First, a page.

Our local Merlot is often pushed aside in favour of Bordeaux blends (which contain Merlot) or simply Cabernet Sauvignon, ostensibly the king of Bordeaux varietals. But yesterday’s Merlot tasting at Asara Wine Estate, hosted by Winemag, once again showed that Merlot can shake off its meek and mild image. The full 2017 Merlot Report and tasting notes, available at http://winemag.co.za/wp-content/uploads/2017/06/Merlot-Report-2017.pdf, makes it evident that there is good quality as well as variability to be seen in our top Merlot wines.
Merlot is South Africa’s eighth most planted variety, making the odd 5 500 ha of it about 6% of our national vineyards. This important varietal is sensitive to drought and high temperatures, which means it presents special challenges to the viticulturist, thereby earning it the moniker of ‘problem child.’
“Particularly important is planting the vine in the right spot,” says Frank Meaker of Org de Rac, who’s 2015 Merlot scored 92 points. “The soil is critically important and once you have that aspect right you’re on your way to making an impressive Merlot. Our Merlot, which grows on Swartland scali, was a bit worn down so we had to do a lot of work to get the vines fit and fighting again. One thing we did was break away leaves on the southwest side, which allowed the vines to catch the late afternoon sun. The vineyards are only 50 km away from the ocean and the day and night temperature variation plays an immense role in the quality and health of our vines. And all virus-infected vines have been pulled out. Merlot is my passion and I’ve been working with Merlot my whole life. It has to be ripe and you need to treat it with respect. In the cellar, particular attention has to be paid to protecting the wine from oxidation.”
Something that should be highlighted is that this Merlot was organically made, which is extremely encouraging and shows that one simply cannot hide behind the “but it’s organic” excuse anymore.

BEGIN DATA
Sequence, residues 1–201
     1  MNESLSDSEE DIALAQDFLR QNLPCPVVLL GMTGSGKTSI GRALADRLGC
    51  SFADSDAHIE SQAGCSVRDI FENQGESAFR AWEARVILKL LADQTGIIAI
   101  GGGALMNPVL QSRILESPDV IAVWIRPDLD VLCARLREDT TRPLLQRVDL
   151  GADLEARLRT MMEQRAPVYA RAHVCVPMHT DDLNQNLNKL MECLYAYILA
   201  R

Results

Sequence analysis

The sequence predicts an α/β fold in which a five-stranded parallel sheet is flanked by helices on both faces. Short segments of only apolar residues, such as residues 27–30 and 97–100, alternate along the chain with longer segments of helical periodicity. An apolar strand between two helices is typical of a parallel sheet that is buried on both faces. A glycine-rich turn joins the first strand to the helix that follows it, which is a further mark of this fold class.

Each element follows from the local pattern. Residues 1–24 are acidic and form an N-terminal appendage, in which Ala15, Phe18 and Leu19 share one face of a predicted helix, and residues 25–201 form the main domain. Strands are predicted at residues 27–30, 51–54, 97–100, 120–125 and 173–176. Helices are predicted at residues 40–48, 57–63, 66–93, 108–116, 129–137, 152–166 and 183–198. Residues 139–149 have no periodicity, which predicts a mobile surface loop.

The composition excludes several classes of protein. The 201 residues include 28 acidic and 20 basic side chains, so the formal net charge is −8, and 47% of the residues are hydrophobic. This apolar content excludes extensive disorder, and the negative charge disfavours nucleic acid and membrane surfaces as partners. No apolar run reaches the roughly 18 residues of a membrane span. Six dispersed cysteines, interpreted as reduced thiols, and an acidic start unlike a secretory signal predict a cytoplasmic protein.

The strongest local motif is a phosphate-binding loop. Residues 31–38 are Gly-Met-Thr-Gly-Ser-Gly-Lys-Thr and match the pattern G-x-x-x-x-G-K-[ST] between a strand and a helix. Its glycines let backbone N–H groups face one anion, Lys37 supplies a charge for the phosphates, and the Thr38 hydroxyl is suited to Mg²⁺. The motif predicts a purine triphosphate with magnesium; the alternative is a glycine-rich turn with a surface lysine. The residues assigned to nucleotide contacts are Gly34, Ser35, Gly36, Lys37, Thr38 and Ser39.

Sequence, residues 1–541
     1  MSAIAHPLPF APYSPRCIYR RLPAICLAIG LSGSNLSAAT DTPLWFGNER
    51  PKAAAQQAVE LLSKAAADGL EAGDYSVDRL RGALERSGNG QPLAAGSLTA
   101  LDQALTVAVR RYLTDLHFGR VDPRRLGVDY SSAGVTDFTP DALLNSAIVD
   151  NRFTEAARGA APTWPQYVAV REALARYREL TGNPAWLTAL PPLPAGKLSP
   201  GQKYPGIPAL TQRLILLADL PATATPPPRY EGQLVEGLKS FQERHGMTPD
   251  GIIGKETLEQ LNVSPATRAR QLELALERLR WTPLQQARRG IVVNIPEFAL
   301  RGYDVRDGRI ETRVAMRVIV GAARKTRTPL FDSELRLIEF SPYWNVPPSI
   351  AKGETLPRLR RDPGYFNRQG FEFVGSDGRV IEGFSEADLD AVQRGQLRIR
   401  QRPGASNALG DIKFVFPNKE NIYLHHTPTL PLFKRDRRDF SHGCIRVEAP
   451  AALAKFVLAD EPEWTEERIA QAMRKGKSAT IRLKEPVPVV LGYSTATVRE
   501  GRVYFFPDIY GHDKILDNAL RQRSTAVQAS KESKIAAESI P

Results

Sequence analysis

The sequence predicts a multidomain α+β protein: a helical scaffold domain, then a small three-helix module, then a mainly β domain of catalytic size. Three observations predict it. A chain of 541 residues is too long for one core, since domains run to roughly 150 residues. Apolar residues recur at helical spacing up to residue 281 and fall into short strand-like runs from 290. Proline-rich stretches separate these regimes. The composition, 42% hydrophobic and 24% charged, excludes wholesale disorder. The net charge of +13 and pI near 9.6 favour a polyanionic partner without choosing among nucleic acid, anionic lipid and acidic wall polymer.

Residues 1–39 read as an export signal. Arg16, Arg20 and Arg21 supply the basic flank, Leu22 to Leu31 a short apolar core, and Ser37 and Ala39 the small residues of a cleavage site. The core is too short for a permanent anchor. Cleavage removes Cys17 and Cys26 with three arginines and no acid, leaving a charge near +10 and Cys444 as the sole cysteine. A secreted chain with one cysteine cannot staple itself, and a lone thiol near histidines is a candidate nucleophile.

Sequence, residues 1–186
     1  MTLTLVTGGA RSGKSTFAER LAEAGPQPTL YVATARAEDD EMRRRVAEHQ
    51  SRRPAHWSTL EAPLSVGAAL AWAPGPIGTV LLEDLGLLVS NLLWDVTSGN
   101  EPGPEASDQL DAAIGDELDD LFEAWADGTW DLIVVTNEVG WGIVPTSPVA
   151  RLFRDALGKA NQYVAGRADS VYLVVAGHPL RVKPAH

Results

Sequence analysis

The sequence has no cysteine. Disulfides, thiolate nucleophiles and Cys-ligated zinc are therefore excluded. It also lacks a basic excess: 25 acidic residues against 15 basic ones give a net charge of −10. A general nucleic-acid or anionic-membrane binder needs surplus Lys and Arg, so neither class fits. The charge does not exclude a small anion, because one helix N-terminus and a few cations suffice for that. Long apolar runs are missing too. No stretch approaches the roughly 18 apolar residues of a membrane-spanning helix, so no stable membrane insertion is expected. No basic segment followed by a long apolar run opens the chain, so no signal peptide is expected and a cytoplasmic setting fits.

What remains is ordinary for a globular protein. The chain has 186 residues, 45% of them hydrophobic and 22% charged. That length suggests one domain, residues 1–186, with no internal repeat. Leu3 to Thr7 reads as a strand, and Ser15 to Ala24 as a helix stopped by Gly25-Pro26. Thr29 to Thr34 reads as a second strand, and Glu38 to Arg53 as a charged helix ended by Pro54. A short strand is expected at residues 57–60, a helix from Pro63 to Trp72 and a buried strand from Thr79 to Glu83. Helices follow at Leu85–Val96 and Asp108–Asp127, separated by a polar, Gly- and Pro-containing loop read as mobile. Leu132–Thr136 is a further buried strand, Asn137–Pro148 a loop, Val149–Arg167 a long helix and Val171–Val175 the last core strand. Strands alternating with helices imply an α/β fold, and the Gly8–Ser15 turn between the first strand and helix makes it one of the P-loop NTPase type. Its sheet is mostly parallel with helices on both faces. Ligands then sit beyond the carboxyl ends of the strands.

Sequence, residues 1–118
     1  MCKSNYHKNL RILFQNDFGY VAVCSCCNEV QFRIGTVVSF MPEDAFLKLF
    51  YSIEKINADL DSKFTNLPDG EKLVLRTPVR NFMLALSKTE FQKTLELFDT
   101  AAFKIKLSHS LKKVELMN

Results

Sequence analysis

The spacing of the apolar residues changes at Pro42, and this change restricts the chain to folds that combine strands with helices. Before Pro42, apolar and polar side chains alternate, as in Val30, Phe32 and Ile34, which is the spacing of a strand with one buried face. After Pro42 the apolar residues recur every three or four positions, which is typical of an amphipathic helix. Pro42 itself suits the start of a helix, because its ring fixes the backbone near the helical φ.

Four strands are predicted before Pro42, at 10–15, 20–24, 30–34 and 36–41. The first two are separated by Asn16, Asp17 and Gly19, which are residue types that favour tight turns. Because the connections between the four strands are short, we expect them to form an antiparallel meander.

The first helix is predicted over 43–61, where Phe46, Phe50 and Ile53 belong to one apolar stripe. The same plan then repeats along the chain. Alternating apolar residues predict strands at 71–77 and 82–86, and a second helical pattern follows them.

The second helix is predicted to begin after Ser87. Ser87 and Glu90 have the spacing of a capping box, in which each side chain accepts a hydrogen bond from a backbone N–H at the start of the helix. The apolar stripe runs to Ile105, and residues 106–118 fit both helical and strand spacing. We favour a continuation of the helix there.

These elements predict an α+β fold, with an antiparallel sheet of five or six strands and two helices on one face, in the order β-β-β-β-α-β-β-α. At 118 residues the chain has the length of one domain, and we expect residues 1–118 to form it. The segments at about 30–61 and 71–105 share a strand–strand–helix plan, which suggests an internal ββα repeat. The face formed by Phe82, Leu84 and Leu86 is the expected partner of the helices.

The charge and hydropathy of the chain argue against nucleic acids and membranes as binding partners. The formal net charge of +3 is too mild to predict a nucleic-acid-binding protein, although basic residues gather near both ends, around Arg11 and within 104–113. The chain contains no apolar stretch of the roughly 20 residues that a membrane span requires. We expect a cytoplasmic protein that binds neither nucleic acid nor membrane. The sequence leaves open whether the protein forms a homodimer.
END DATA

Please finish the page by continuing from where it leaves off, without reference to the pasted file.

The only other wine that scored 92 was Boschendal’s 1685 2015 Merlot. Red-winemaker at Boschendal Richard Duckitt says that Merlot can be a delicious wine, but that one has to be very careful to avoid green wines. “Site is crucially important. For instance, 50% of our grapes come from Elgin and the other 50% from Stellenbosch. The Elgin grapes, which are improving all the time, give a certain finesse and freshness that is characteristic of these cooler sites. We are careful not to pick too ripe, while respecting the slower ripening. Then we also consider yield carefully and ensure no green bunches are picked. Our vines are also optimally opened up for sufficient sunlight.”
Richard stresses that all the hard work done in the vineyards can quickly and no doubt disastrously be undone in the cellar. “We carefully sort our grapes and allow no green fruit. Skipping ahead to post-fermentation, if any green or unripe characters are picked up we’ll press off early. On the other hand, post-fermentation skin contact can be done if tannins are ripe and complementary to the wine. You also have to have a good feeling for what your grapes need in terms of wood. For instance, our Elgin fruit gets less wood while our Stellenbosch fruit gets more. It’s all about balance and working with the grapes, not against them.”
A benchmark Merlot, the La Chenade 2014 Lalande de Pomerol, was included and scored 91 points. The Delaire Graff 2014, Lourensford Limited Release 2015 and Shannon Woolworths 2015 scored 90 points. The Buitenverwachting 2012, Groenland Premium 2015, KWV Cathedral Cellar 2014, Overgaauw 2015, Whalehaven 2013 and Yonder Hill 2014 all scored 89 points.
As is usually the case, hard work and perseverance will pay off when it comes to Merlot. Admirable attributes indeed, but clearly not all that is needed to excel with this varietal.